Be Your Child’s Voice–And Be Heard

Dear Parents,

Today I learned of a remarkable ten-year old boy with autism who is speaking out about it and making a great effort to help people know about autism and the problems around it.  He is Sam.  Please go to and see a sample of what Sam does that will indeed make a difference in how people in his area view autism.

Then think to yourself, if this is a ten-year old child who is able to have this kind of impact, what kind of impact might I have as an adult?  If I were part of a group of people who create awareness around our children?

This is a reality:  each of us can do what Sam does.  It is a matter of making the time and the appointments to visit organizations and important people who can influence what happens in our lives and our children’s lives.  We should all be Sam for our children and their disabilities.  Imagine what a different world this would be if so many of us were out there doing as Sam does, giving information and asking the tough questions–what are we doing for these children and their families, and why aren’t we doing more?  As Autism appears to be becoming equal in incidence to learning disabilities, we certainly cannot afford to close our eyes to any avenue or option that helps our children become more independent and more functional.

We are the parents and we may be the only voice our child has.  Sam is not silent.  We should not be silent either.

Here’s how to speak out.

Talk to school classes.  Don’t be afraid of kids.  They’re kids–and they’re eager to learn.  Difference intrigues them.  Present your what your child has in common with them and the differences in his needs in a reasonable way and they will be less likely to bully or pick on your child and more likely to make him their friend. Their teachers will be educated at the same time.  Go to MOM – Not Otherwise Specified and see how one mom has presented her son’s differences to his class.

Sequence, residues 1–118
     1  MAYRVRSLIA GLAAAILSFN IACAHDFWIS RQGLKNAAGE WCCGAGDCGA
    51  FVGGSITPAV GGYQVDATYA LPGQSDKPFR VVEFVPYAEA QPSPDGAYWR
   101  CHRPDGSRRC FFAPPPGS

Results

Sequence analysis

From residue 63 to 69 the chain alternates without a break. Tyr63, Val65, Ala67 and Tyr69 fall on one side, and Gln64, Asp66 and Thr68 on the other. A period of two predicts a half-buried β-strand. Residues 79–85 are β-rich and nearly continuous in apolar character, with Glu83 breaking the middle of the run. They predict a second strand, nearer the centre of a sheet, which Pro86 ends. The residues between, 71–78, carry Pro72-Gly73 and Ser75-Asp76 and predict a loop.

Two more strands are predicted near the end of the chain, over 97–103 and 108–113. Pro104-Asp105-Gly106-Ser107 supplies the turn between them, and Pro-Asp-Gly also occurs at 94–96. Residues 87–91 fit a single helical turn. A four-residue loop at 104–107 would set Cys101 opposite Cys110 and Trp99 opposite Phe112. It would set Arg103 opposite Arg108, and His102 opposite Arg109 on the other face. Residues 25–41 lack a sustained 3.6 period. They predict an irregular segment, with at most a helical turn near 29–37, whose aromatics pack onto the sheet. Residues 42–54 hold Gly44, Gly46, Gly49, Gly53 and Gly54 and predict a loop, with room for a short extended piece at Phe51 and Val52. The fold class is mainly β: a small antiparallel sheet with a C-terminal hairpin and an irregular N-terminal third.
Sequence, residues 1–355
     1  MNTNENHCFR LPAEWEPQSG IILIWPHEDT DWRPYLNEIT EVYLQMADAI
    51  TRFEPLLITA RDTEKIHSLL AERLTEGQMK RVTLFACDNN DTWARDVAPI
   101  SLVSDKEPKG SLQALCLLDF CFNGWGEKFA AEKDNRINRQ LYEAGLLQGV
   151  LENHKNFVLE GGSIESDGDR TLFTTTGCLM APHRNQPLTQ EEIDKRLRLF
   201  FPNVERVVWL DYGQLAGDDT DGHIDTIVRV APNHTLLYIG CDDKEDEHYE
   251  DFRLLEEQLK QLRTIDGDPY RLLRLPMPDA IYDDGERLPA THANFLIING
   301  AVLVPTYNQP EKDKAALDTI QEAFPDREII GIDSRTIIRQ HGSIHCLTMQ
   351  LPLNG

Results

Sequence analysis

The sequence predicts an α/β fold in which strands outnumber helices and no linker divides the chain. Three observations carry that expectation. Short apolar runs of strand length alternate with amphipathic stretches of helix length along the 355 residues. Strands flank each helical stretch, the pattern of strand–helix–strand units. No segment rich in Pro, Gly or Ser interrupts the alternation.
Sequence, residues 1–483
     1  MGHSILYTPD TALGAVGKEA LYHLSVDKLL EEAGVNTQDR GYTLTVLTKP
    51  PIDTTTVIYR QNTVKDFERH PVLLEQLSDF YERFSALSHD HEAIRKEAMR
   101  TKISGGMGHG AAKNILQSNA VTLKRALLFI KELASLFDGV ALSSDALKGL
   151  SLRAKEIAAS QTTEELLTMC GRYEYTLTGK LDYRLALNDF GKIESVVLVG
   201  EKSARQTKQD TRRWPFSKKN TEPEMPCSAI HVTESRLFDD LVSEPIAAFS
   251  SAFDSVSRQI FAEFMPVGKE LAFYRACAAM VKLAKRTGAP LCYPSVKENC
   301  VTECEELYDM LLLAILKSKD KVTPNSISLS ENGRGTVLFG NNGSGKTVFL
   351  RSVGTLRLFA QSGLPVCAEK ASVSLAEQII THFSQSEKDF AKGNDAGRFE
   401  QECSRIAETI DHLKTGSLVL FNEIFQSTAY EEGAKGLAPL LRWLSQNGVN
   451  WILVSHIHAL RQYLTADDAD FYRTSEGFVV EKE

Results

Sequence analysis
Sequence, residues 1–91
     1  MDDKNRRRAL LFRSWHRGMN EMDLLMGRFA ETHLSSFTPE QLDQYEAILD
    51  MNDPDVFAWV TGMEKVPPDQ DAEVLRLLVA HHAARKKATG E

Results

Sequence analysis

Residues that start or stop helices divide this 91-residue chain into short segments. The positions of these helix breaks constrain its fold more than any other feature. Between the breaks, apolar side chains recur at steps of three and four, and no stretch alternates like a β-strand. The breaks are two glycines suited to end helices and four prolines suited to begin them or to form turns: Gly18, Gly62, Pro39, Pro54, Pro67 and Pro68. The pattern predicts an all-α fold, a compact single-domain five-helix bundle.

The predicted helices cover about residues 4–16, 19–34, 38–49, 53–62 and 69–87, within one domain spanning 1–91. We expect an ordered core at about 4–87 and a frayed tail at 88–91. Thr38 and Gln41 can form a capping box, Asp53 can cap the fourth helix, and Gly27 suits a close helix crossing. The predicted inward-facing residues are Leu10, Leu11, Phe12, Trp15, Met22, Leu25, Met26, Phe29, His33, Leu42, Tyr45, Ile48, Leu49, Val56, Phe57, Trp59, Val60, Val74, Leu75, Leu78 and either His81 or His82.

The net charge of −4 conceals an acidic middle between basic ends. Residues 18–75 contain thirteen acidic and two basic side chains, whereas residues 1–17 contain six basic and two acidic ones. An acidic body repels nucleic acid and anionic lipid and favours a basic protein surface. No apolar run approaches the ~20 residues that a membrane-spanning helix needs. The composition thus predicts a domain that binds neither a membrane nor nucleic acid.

Talk to community leaders.  Our elected officials often determine how and where and what community services will be.  It’s important to let them know what community services are truly needed.  If you think a place for children in wheelchairs to play in a park is important and needed by enough families, speak up.  If you think schools need more funding for special education, speak up.  If you know there is a need for an organization that provides special services in your community, speak up and tell your leaders who needs the services and who might provide them–and that you only need the place and funding.

Talk to legislators.  Legislators on budget committees control where the money goes.  Get your legislators to propose legislation and projects/programs and meet the needs of families with needs like your own.  Get to know legislators in important cabinet positions and who control money–let them get to know your children through letters, e-mail messages and photos, introductions at the legislators’ town hall meetings and political events.  Make your face and voice familiar to them so they know there is a need for someone THEY know.

Increase the wallop of the above.  Never go alone–make sure you’re always introducing someone new to these people so they know you’re not just a voice in the wilderness but a voice with a group or mass of people who also need what you’re requesting.  NUMBERS COUNT.

Make your presence and activities known on the Internet.  Everyone knows somebody who is internet savvy who can help us do the social media thing that makes what we do so much more powerful through Twitter, Facebook, MySpace, etc.  Please don’t think you can’t do this.  I’m a rookie and a techno-boob, and I am going to be learning right beside you.  Believe me, if I can do this, a 5-year old can do this.  USE the people you know who have this talent.  Someone you know will be immensely pleased to help you and won’t feel it’s an imposition at all.  Find that person and feed him/her all the information needed to make it work.

Shy?  Think you can’t speak publicly or to strangers?  Write.  Get on blogs, get into chats where you’re anonymous but your information sharing is powerful.  Do a telephone radio interview for a talk show where you’d basically just answer questions that YOU’ve written in advance for the show host to ask you.  The key to confidence during these events is this:  People are out there who NEED what you have to share and they won’t get it if you won’t share.  Your voice will improve some family’s life and some child’s entire future.  How can you remain silent when you can be so powerful?

Your child is not the only one who has his disability, nor his symptoms, nor the possibility of a better future if we speak up.  Let that be a fire within you, that you help your child and your family and hundreds more by giving voice to what so many people need to hear.

Then use this blog to tell us what you’re doing so others will be inspired to do the same!


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